Nearly half of working Americans said their pay increased over the past 12 months, according to a new study by Bankrate.com.
The other half of working Americans say they haven't seen a pay raise. Or at least it feels that way to them.
"When it comes to rising incomes, it's a case of the 'halfs' and the 'half-nots' with half of working Americans getting a raise or better paying job and half that didn't," says Greg McBride, senior vice president and chief financial analyst for Bankrate.
Average weekly earnings in the private sector rose 2.5 percent in the 12 months ending in October, to $891.65, according to the Bureau of Labor Statistics.
Of those making more money compared with a year ago, about 37 percent received a raise while nearly 12 percent found a better paying job, Bankrate said.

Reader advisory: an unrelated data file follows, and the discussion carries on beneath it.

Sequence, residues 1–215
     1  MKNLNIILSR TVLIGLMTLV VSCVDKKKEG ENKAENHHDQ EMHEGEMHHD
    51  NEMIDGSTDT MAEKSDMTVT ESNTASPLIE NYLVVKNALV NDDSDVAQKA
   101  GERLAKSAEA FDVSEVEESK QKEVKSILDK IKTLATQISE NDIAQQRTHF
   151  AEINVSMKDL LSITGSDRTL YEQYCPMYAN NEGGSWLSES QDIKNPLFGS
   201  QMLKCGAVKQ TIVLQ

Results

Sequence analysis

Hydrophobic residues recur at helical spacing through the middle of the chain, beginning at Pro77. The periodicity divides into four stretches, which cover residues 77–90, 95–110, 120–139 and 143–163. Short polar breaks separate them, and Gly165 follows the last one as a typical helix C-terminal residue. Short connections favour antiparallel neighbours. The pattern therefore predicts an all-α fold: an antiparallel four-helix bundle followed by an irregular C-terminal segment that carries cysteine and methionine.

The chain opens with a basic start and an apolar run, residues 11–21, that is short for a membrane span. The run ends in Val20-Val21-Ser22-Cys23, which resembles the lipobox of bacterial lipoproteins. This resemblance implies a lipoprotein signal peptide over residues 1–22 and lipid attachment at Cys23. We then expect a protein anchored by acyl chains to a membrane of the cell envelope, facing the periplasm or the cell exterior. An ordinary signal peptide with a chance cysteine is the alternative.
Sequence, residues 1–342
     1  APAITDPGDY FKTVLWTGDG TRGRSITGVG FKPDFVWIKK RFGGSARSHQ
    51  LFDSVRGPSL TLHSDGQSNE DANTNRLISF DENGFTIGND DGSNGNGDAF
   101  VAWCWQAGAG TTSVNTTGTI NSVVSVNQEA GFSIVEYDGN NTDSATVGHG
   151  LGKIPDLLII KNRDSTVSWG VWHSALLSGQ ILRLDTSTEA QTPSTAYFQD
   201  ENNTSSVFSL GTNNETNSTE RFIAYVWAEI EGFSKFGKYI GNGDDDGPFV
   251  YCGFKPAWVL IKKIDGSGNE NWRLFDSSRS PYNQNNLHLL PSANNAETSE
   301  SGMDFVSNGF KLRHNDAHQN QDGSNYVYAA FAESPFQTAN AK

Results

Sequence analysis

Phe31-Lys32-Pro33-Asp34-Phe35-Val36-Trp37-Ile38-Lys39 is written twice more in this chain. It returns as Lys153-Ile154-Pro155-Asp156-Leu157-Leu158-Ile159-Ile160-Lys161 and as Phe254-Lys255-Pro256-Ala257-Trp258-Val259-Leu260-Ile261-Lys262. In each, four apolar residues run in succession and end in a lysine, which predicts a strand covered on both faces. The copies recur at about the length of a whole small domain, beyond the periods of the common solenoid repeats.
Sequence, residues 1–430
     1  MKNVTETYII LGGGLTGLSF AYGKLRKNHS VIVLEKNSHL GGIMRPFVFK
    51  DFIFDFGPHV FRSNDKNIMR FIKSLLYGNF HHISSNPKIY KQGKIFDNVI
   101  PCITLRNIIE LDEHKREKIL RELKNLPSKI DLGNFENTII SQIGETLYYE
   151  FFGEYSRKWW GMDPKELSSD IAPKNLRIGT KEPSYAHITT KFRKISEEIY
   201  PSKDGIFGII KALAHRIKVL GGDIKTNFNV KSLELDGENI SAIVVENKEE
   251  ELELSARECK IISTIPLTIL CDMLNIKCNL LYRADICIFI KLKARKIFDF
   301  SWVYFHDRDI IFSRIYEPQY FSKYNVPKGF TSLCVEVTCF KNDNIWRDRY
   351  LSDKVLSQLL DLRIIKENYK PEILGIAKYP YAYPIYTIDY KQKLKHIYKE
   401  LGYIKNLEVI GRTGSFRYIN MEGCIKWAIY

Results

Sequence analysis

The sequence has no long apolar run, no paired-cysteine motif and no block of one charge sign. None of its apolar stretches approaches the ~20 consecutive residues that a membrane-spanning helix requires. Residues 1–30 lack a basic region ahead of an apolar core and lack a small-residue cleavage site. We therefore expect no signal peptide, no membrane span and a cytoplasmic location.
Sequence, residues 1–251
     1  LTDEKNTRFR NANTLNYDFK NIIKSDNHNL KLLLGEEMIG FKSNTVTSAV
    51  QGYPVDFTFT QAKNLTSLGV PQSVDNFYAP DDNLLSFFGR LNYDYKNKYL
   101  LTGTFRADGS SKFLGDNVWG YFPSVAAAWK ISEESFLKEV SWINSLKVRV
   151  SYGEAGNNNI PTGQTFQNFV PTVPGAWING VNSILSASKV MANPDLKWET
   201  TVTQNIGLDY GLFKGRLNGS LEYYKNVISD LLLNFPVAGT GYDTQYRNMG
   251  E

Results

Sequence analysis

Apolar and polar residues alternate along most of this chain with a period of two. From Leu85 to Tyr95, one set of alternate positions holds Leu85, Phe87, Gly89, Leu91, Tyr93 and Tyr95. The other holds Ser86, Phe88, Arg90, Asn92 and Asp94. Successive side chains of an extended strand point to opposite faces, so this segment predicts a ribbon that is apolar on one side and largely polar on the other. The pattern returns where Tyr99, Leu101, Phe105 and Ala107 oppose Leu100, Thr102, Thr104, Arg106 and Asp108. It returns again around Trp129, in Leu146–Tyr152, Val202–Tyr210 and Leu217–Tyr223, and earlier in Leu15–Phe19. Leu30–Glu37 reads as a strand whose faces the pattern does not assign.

Among the raises, 52 percent were from performance-based increases, nearly a third were cost-of-living adjustments and 10 percent were promotions, the report said.
Those that didn't get a raise or promotion in the last year skewed toward less-educated workers, part-time employees and those ages 62 and up, according to the report.
"As with the just-completed election, the apparent divide among Americans includes wages," Mark Hamrick, Bankrate's senior economic analyst, told CNBC.
Despite steady personal income and wage gains, those gains have not been felt across the board, Hamrick said.
"We have been given repeated reminders about the economic division in our country, and this is another aspect of that," he said.
“The tightening job market is finally showing up in higher wages, which should make Janet Yellen and lots of workers happy,” Newsmax Finance Insider Joel Naroff says.
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